My layout is based on my favorite layout and article series in Model Railroader: Malcolm Furlow’s San Juan Central.

Starting in the November 1983 issue of Model Railroader and finishing in August 1984, Malcolm Furlow explained how he designed and built the San Juan Central in HOn3. Soon Kalmbach published the articles in book form as HO Narrow Gauge Railroad You Can Build: A Narrow Gauge Project Railroad.

This is a scan of the cover of my (now very tattered) copy I bought in the late-1980′s while working at a model train store in LA.

Long out of print, used copies currently run $50-200.

Malcolm displayed his approach to building layouts — the good and the bad — in this book. Clearly the good aspects of the layout win for me – since I’ve committed lumber and nails to his design!

The good:

Modest Size — The San Juan Central is only 8 x 10 overall. Fits into most common bedroom-size rooms of average homes (good for me!).

Strong visuals — Malcolm’s design emphasizes strong visual elements and is literally built for photography.

Vertical over Horizontal — Drama is created by nearly 30 inches (0.8m) of vertical separation between the lowest and highest locations on the layout.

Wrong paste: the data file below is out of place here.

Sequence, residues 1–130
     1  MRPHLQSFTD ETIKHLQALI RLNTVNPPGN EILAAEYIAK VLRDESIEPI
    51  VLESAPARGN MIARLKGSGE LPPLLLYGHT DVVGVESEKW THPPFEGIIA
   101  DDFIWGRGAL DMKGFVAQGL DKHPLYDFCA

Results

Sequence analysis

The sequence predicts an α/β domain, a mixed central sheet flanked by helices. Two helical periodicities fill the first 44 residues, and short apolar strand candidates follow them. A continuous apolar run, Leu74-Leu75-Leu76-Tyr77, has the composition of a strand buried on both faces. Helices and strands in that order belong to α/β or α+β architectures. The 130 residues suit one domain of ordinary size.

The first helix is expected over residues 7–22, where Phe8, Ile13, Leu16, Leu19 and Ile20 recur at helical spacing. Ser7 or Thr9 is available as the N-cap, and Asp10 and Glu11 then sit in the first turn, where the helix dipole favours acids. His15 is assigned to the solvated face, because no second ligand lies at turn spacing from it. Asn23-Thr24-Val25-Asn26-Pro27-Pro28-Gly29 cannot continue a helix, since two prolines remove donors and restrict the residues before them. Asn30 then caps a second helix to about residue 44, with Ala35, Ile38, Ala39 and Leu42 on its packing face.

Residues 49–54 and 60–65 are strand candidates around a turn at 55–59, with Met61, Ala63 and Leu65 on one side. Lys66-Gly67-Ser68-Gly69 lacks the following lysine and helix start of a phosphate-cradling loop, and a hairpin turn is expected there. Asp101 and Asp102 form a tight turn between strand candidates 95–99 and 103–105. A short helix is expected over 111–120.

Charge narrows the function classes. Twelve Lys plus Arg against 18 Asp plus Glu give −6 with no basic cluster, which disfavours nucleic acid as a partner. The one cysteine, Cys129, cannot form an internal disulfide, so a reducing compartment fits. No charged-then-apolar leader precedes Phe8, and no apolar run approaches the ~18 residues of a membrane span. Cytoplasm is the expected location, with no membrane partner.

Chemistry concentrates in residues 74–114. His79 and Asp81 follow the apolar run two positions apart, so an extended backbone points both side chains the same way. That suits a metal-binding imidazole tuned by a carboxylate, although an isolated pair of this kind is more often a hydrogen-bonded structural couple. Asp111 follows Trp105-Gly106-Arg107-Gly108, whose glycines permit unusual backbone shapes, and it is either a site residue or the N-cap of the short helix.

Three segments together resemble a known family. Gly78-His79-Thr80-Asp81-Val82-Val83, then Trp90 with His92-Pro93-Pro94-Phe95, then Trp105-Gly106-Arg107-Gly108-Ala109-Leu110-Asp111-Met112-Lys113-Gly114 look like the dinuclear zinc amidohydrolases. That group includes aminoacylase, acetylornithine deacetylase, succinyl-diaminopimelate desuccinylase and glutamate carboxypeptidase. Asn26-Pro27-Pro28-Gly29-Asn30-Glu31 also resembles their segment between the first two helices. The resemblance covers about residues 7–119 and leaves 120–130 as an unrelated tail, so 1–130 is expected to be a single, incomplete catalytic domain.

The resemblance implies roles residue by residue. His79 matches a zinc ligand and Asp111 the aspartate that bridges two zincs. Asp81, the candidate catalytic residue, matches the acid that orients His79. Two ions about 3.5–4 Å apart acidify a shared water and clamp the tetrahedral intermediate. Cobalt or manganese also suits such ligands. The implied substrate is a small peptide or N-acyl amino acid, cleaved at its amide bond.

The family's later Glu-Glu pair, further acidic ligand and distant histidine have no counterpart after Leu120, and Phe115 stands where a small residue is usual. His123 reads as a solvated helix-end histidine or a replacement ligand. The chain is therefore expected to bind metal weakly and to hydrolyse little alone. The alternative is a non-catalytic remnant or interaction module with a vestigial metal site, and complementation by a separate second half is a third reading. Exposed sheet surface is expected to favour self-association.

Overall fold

The bad:

Tight turns — As designed, the SJC minimum radius is 15″. What I know of how Malcolm works makes me suspect the trackplan was made on the fly and that the actual layout has even tighter turns but the plans were later redrawn with 16, 17, and 18″ radius turns.

Limited operational possibilities — The SJC emphasizes spectacular scenery. Combined with modest size this means there are not many different ways to move cars and trains around the layout.

“Bald spots” — The SJC has some places that don’t work very well. They tend to be transitions between different spectacular views of the layout.



Overall view of the San Juan Central

Top (click for larger view)
Top view

What happened to the layout?

The SJC is currently owned by Charlie Getz who has lovingly restored it to better-than-new condition. Charlie hosted vistors during the 2004 National Narrow Gauage convention in Santa Clara, California and I have several photos of it online.

What happened to Malcolm Furlow?

Malcolm is an artist working in many mediums and his current body of work may be seen at his website: Malcolm Furlow official Website